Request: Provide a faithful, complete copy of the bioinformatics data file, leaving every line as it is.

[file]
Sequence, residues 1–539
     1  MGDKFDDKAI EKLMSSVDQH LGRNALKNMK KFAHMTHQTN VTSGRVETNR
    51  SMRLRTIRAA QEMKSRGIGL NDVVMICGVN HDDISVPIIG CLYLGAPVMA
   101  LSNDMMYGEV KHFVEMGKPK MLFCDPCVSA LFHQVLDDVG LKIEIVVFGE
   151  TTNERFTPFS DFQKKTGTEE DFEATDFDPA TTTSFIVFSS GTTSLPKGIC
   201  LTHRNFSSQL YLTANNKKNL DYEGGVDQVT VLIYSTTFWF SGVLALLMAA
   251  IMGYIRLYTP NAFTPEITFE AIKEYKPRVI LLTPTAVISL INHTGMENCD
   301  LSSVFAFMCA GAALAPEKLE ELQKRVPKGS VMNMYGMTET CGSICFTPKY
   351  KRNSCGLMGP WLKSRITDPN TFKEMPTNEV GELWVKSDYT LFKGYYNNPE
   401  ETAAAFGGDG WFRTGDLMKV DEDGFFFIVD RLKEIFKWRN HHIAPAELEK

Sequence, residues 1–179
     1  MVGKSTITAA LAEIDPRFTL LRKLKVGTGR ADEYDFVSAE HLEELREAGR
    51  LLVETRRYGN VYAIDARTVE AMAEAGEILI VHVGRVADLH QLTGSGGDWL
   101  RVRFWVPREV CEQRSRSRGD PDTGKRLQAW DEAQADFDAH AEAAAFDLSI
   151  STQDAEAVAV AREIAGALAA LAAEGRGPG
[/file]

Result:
Sequence, residues 1–539
     1  MGDKFDDKAI EKLMSSVDQH LGRNALKNMK KFAHMTHQTN VTSGRVETNR
    51  SMRLRTIRAA QEMKSRGIGL NDVVMICGVN HDDISVPIIG CLYLGAPVMA
   101  LSNDMMYGEV KHFVEMGKPK MLFCDPCVSA LFHQVLDDVG LKIEIVVFGE
   151  TTNERFTPFS DFQKKTGTEE DFEATDFDPA TTTSFIVFSS GTTSLPKGIC
   201  LTHRNFSSQL YLTANNKKNL DYEGGVDQVT VLIYSTTFWF SGVLALLMAA
   251  IMGYIRLYTP NAFTPEITFE AIKEYKPRVI LLTPTAVISL INHTGMENCD
   301  LSSVFAFMCA GAALAPEKLE ELQKRVPKGS VMNMYGMTET CGSICFTPKY
   351  KRNSCGLMGP WLKSRITDPN TFKEMPTNEV GELWVKSDYT LFKGYYNNPE
   401  ETAAAFGGDG WFRTGDLMKV DEDGFFFIVD RLKEIFKWRN HHIAPAELEK

Sequence, residues 1–179
     1  MVGKSTITAA LAEIDPRFTL LRKLKVGTGR ADEYDFVSAE HLEELREAGR
    51  LLVETRRYGN VYAIDARTVE AMAEAGEILI VHVGRVADLH QLTGSGGDWL
   101  RVRFWVPREV CEQRSRSRGD PDTGKRLQAW DEAQADFDAH AEAAAFDLSI
   151  STQDAEAVAV AREIAGALAA LAAEGRGPG